This story first appeared on the TomDispatch website.
The Israel Project hired pollster Stanley Greenberg to test American opinion on the Middle East conflict — and got a big surprise. In September 2008, 69% of Americans called themselves pro-Israel. Now, it's only 49%. In September, the same 69% wanted the U.S. to side with Israel; now, only 44%.
How to explain this dramatic shift? Greenberg himself suggested the answer years ago when he pointed out that, in politics, "a narrative is the key to everything." Last year the old narrative about the Middle East conflict was still dominant: Israel is an innocent victim, doing only what it must do to defend itself against the Palestinians. Today, that narrative is beginning to lose its grip on Americans.
Well, to be more precise, the first part of the old narrative is eroding. Nearly half the American public seems unsure that Israel is still the good guy in the Middle East showdown. But the popular image of the Palestinians as the violent bad guy is apparently as potent as ever. The number of Americans who say they support Palestine remains unchanged from last September, a mere 7%. And only 5% want the U.S. government to take such a position.
Those numbers reflect the narrative that President Obama recited in Cairo on June 4th. He chided the Israelis for a few things they are doing wrong — like expanding settlements and blockading Gaza. To the other side, though, his message was far blunter: "Palestinians must abandon violence." Of Israeli violence he said not a word.
The president's speech implicitly sanctioned the most up-to-date tale that dominates the American mass media and public opinion today: The Israelis ought to be reined in a bit, but it's hard to criticize them too much because, hey, what would you do if you had suicide bombers and rockets coming at you all the time?
That view is a political winner here. In the latest Pew poll, 62% of Americans say Obama is striking the right balance between Israel and Palestine; of those who disagree, three-quarters want to see him tougher on the Palestinians, not the Israelis. A Rasmussen poll finds even stronger support for a pro-Israel tilt.
There are, however, two things wrong with his narrative. First, though it's somewhat less one-sided than the story that prevailed during the George W. Bush years, it is far from impartial, which means the U.S. still cannot act as an even-handed broker for peace in the region. Since no one else is available to play that role, it's hard to see how, under the present circumstances, any version of a peace process can move forward.
The second problem is that the popular narrative just doesn't happen to match the facts. In reality, unjustified violence is initiated on both sides — and if anyone insists on keeping score, Israel's violence, official and unofficial, outweighs the violence coming from the Palestinians.
Coming to Grips with Jewish Settler Violence
Israeli violence is often overlooked here because so much of it is done by official order of the state. Americans are quick to side with the man who wears the badge. Even when he lets loose the kind of violence that recently devastated parts of the Gaza Strip, the reigning assumption is that his gun is a force for law and order.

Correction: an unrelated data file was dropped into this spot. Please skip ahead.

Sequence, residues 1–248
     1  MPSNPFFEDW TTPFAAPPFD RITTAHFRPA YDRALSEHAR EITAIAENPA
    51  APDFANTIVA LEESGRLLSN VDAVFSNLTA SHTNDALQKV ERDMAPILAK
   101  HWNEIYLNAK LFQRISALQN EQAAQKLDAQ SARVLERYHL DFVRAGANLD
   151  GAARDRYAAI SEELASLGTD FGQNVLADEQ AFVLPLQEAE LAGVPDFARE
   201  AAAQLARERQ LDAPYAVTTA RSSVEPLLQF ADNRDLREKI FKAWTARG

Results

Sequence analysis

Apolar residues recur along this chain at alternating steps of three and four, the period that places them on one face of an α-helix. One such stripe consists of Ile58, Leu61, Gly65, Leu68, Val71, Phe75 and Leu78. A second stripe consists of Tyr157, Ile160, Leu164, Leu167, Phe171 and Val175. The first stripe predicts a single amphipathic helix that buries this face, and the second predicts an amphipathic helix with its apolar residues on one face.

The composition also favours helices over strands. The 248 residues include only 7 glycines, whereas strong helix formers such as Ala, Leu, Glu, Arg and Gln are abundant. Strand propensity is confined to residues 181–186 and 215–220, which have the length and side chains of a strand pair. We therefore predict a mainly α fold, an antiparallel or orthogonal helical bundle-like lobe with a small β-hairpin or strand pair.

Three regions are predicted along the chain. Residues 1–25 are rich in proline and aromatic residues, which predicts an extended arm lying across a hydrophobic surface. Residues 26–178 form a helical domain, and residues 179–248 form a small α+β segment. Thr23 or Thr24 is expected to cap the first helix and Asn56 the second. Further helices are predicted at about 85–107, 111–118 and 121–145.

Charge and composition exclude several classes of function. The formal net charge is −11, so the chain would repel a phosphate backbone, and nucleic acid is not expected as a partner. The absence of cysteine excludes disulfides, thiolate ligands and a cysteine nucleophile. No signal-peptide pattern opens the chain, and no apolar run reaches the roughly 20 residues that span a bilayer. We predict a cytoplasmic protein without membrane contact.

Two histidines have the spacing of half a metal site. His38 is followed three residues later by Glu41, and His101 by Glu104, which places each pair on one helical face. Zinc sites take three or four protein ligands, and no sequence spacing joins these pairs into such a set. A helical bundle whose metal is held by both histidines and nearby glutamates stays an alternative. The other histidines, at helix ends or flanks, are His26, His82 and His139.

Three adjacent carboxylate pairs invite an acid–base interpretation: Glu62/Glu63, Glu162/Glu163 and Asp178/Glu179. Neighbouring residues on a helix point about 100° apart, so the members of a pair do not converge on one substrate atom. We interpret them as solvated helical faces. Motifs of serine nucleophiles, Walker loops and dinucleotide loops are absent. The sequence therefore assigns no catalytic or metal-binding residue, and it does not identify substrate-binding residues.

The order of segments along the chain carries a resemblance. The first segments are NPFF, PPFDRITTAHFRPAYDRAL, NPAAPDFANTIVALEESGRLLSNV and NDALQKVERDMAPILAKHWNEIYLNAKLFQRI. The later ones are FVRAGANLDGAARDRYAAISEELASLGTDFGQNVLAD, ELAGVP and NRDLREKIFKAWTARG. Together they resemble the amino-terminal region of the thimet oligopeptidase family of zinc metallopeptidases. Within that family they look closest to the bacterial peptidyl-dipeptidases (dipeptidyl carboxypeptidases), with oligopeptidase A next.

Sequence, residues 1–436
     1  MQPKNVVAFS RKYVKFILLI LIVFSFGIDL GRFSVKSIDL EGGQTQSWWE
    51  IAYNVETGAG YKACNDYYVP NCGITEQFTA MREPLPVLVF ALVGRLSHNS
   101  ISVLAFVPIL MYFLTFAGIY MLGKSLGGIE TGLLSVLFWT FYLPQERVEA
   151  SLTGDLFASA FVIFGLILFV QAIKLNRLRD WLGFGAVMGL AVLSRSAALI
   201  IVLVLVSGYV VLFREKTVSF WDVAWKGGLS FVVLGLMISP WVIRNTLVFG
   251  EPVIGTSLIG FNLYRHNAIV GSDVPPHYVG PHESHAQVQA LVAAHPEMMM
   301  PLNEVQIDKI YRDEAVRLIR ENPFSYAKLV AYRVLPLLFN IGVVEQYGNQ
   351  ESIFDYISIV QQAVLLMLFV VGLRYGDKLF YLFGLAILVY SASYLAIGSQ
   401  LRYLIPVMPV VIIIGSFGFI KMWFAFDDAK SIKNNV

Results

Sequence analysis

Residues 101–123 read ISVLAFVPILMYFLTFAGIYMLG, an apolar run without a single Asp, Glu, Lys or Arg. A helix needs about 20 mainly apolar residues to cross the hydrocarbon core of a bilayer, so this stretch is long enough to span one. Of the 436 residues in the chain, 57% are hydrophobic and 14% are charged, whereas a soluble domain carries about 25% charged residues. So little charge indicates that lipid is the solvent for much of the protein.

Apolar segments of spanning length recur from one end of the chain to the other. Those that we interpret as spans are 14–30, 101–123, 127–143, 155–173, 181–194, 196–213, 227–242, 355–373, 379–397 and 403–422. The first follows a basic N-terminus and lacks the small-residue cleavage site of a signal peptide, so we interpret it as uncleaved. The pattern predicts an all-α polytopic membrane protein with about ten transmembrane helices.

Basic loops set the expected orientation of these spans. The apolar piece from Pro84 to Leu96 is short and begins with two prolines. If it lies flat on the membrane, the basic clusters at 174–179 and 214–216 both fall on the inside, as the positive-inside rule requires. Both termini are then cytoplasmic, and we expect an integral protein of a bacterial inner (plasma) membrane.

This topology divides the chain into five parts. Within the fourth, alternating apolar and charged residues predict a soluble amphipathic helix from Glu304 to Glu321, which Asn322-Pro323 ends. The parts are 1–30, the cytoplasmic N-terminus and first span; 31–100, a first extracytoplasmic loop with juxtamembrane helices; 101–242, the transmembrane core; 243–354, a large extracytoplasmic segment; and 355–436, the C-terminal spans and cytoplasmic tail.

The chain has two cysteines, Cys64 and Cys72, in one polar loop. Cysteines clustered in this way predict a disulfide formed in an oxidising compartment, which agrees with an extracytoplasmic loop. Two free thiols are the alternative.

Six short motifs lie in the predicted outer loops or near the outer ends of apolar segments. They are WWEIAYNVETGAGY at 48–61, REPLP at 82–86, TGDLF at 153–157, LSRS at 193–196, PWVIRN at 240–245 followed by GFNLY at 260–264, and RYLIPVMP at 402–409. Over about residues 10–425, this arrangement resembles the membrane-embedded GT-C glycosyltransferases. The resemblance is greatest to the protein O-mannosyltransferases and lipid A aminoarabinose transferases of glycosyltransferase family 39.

But what about the kind of violence Palestinians are so often accused of, the unauthorized civilian-on-civilian kind — what the experts term "non-state-actor violence" and the rest of us simply call "terrorism"? Though you may not know this, much of it these days is done by Israeli Jews.
"Palestinian civilians bear brunt of settler violence," Agence France-Presse recently reported: "Nestled amid rolling hills and with an eagle eye's view to the Mediterranean coast, Nahla Ahmed's house has all the elements of Eden... if it weren't for the Molotov cocktail-throwing neighbours. 'We put bars on the windows after the first attack, three years ago,' says the 36-year-old mother of four. 'Now they come each week.'"
The attacks aren't always with Molotov cocktails; sometimes Jewish settlers throw tear gas canisters, simply spray a Star of David on a wall, or cut down trees owned by Palestinians. In other incidents, settlers have shot and killed a 16-year-old boy, fractured the skull of a 7-year-old girl with a rock, set a dog on a 12-year-old boy, and shot dead an Arab man but let his companion go when he identified himself as Jewish. These are not egregious, isolated cases of mayhem; they're just a few random examples of what's happening all too often on the West Bank. To see how depressingly common such violence is, just Google "West Bank settler violence" for yourself.
It's easy enough to see what the violence looks like too, since a lot of it has been captured on video. And this is just violence against people. The violence against property is far too common to begin to catalog.
Last December, Jewish settlers in Hebron went on a rampage, shooting at Palestinians, setting fire to homes, cars, and olive groves, defacing mosques and graves. Ehud Olmert, Israel's prime minister at the time, said he was "ashamed" of this "pogrom."
Yet few such settler crimes are seriously prosecuted by the Israeli authorities. The Israeli rights group Yesh Din has documented this in an extensive report, which, the group carefully notes, is merely one more in a long line of similar reports:
"Since the 1980's many reports have been published on law enforcement upon Israelis in the Occupied Palestinian Territory. All of the reports... warned against the failure of the authorities to enforce the law effectively upon Israelis... who committed offenses against Palestinian civilians... Yet the problem of attacks against Palestinian people and property by Israelis has only grown worse, becoming a daily occurrence."